Approximately 150,000 patients in the United States undergo a lower extremity amputation every year. Diabetes mellitus and neuropathy are two of the most common reasons patients require amputations.
Mild cases of neuropathy can go years without being noticed. Unfortunately, untreated DPN can cause further damage to other parts of the body, including the eyes, sexual organs, and digestive tract.
Peripheral neuropathy relates to the nerves located outside the brain and spinal cord. The peripheral nervous system sends information to your spinal cord (central nervous system) and your brain.
Diabetes is one of the most common causes of peripheral neuropathy.
Peripheral neuropathy may fall into the mononeuropathy or polyneuropathy category, depending on how many nerves it affects. However, most people with diabetes experience polyneuropathy.
Diabetic Autonomic Neuropathy
Autonomic neuropathy impacts the autonomic nerves or the ones that connect to internal organs, the digestive system, the heart, the urinary tract, sweat glands, and other processes.
Individuals with autonomic neuropathy may experience the following symptoms:
- Diarrhea or constipation
- Nausea or vomiting
- Sexual dysfunction
- Low blood pressure
- Unusual sweating
- Insensitivity to pain
Proximal Neuropathy (Diabetic Amyotrophy)
Proximal neuropathy has many names, including diabetic amyotrophy. This is a relatively rare condition that only occurs in about 1% of type 2 diabetes patients. Older adults are the ones most commonly affected.
The primary symptom is pain that begins in the upper thigh, although it can spread to the hip and lower back. Some patients also experience weakness in addition to pain.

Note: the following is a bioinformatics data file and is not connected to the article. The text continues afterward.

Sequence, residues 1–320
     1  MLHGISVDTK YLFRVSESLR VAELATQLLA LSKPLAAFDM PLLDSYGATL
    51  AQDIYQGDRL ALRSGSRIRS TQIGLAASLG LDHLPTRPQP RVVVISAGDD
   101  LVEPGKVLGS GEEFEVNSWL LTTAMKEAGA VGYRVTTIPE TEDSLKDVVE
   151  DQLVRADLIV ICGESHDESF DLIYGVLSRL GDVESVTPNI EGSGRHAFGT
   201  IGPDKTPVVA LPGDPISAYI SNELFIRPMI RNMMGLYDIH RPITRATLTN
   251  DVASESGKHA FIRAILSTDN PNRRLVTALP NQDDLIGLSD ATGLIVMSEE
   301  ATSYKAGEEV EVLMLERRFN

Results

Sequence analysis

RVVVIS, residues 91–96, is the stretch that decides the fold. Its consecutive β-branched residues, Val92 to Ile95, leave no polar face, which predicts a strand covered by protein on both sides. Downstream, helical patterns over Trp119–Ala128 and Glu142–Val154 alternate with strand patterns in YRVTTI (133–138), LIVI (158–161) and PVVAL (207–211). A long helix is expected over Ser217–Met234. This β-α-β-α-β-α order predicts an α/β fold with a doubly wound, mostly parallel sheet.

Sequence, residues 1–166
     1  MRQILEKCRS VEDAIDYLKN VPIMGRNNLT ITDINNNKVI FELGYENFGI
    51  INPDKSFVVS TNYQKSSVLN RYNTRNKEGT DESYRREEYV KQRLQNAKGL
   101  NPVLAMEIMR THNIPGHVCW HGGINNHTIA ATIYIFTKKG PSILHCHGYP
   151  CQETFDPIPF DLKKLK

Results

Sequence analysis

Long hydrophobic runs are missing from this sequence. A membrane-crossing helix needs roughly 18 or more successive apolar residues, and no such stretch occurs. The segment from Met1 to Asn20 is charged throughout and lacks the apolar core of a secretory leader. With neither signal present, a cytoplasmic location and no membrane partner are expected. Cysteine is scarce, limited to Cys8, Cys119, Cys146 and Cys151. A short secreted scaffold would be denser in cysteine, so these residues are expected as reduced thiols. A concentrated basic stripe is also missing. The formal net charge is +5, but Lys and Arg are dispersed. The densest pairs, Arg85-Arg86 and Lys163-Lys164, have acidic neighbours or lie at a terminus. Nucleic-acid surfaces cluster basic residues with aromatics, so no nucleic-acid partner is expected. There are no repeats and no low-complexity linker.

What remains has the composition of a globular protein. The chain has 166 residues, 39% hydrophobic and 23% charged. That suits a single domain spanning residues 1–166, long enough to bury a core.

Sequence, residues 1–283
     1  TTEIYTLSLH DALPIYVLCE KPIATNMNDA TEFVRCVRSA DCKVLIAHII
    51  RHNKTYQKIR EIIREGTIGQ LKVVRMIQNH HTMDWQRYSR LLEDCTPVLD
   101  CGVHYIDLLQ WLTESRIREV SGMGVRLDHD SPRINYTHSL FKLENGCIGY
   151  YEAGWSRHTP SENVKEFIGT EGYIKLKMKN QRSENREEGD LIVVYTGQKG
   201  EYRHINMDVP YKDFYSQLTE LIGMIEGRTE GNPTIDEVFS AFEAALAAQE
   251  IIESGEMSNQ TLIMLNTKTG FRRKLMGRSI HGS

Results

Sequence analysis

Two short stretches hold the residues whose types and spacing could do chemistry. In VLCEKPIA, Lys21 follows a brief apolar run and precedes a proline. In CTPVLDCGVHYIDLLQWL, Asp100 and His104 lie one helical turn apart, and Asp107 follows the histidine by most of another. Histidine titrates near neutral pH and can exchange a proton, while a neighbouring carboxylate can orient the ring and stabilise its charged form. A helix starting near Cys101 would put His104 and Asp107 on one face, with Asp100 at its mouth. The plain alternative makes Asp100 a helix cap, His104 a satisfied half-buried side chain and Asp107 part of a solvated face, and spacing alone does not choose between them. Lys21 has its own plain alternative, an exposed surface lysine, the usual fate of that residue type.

Another symptom that affects some patients with diabetic amyotrophy is unexpected weight loss.
The condition can progress and cause pain in other body parts, including the upper and lower legs.
How Socks for Neuropathy Can Help With Symptoms
Like many chronic medical problems, diabetes can cause symptoms throughout your life of varying severity. Patients with diabetic neuropathy or those that want to prevent it can take steps to stay healthy. Regularly looking for these symptoms and frequently checking your feet for cuts or wounds definitely helps.
Using socks for neuropathy can also protect your feet and help with symptoms.
Diabetic socks and edema socks provide both comfort and protection. They help to increase blood circulation, keep feet dry, prevent blisters, and also support the foot for less fatigue.
Traditional cotton socks have seams that can irritate the foot and cause discomfort. Cotton socks also retain moisture and take longer to try, making them less than ideal for hiking and exercise.
Bamboo viscose socks have a softer feel that reduces friction and wicks moisture away better than cotton.
Recognize the Signs of Diabetic Neuropathy
This article should help you to identify the signs and symptoms of diabetic neuropathy. If you recognize any, talk to your doctor.
Taking precautions will help you protect your feet from damage. Wearing the right socks for neuropathy can improve comfort and prevent injuries such as sores and blisters.
Here at EcoSox, we have a variety of different styles for both men and women. Shop our styles, such as our popular diabetic bamboo crew socks.